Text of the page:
More than 600 athletes and thousands of visitors will gather in Tampa on July 13, 2013, for the Disabled Sports, Recreation and Fitness Exposition (Expo) — the official kickoff to the 33rd National Veterans Wheelchair Games. The event will take place at the Tampa Convention Center, East Hall from 9 AM to 4 PM.
This year’s Expo will feature more than 75 exhibitors, including booths held by the Department of Veterans Affairs and Paralyzed Veterans of America, featuring Paralyzed Veterans’ programs like Wheels Helping Warriors and Operation PAVE. Some longtime private sector supporters of the games, including Invacare Corporation, Iron Bow Technologies and UPS, also will have booths at the games, said Elizabeth Aulwes, program manager for corporate and cause marketing at Paralyzed Veterans.
This year’s Expo also will include some new corporate faces, including Mountain Trike, a United Kingdom-based all-terrain wheelchair company, and Bioderm Inc./Men’s Liberty, a provider of external men’s catheters, Aulwes said.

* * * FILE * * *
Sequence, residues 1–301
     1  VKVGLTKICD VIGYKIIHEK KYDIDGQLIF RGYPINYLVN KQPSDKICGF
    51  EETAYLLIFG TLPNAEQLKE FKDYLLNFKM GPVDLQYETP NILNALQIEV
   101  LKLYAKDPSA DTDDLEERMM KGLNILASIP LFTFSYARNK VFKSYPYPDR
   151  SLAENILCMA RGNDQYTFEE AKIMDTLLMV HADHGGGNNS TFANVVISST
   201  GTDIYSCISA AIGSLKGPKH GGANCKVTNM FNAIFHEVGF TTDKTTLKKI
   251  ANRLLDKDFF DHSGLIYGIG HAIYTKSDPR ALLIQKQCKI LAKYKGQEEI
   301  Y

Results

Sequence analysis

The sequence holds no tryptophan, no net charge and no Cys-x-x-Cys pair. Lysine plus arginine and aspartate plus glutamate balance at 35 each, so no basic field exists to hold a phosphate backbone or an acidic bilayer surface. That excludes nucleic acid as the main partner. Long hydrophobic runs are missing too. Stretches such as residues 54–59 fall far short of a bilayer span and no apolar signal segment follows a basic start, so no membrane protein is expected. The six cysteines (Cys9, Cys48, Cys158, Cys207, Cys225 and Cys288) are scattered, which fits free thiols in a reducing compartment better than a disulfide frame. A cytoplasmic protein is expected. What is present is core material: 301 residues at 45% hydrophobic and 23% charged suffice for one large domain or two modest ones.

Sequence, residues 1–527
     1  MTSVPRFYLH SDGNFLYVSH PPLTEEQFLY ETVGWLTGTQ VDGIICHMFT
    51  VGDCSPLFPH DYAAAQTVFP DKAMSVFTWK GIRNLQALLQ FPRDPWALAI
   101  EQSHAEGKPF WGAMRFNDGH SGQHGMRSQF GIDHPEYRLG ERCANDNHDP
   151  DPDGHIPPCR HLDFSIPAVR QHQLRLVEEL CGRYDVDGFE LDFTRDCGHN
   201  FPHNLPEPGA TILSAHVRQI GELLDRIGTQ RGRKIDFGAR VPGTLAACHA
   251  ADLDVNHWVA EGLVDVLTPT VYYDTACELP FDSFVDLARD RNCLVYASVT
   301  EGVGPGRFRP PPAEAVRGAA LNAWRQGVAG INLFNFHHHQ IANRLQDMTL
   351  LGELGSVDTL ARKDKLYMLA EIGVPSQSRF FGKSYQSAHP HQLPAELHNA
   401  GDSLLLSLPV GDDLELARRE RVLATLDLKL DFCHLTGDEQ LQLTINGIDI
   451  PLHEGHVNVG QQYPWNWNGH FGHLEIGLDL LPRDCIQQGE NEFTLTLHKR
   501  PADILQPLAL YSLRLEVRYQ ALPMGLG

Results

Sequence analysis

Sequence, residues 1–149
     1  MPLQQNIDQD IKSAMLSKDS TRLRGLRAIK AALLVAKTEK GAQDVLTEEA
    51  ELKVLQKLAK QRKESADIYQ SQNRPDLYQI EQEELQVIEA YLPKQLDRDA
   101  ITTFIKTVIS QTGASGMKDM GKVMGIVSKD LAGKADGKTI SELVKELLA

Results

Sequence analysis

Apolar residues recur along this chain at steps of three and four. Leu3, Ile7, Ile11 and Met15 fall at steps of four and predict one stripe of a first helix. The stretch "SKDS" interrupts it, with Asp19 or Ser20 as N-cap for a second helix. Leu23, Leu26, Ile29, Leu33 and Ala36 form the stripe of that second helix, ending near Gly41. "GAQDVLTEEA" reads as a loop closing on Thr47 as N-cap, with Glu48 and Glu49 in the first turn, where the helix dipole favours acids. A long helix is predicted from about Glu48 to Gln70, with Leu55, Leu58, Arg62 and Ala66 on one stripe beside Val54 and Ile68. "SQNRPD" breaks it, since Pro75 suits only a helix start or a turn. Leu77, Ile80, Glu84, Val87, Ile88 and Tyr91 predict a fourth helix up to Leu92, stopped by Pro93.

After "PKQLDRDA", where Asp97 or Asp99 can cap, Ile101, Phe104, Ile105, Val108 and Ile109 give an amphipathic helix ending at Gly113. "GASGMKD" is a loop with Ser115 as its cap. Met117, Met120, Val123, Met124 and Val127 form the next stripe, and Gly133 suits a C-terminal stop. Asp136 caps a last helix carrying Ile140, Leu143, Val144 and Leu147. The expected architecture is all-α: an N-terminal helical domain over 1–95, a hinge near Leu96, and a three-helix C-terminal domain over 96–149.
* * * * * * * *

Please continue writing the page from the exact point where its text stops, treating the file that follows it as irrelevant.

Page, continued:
“We always try to bring in new exhibitors who have exciting services to offer,” Aulwes said. “The Expo presents the opportunity to check out new products and services that serve those in the disability community.”
Kelly Barry, senior marketing manager for Hollister Continence Care, a returning exhibitor at the Expo, expressed the company’s continued support for Paralyzed Veterans and the Games.
“Hollister Continence Care shares Paralyzed Veterans of America’s ongoing commitment to care and to help veterans live the full, rewarding lives they deserve,” Barry said.
Aulwes said the Games Expo is unique in that it provides an opportunity for exhibitors to reach out to disabled veterans in a way no other Expo provides, allowing companies to network with the VA and work directly with the veteran community.
But the value of the Expo extends beyond just the marketing aspects; it also serves as a central gathering place for veterans, exhibitors and others to reconnect with old friends, Aulwes added. Many of the returning exhibitors who have participated in the games over the past 30 years have built friendships with the athletes, so it’s a great time for them to reconnect as well, Aulwes added.
“The Expo is always the central gathering point for the wheelchair games on that day,” she said. “Everyone spends the majority of the day there to reconnect with old friends; it’s almost like a big reunion.”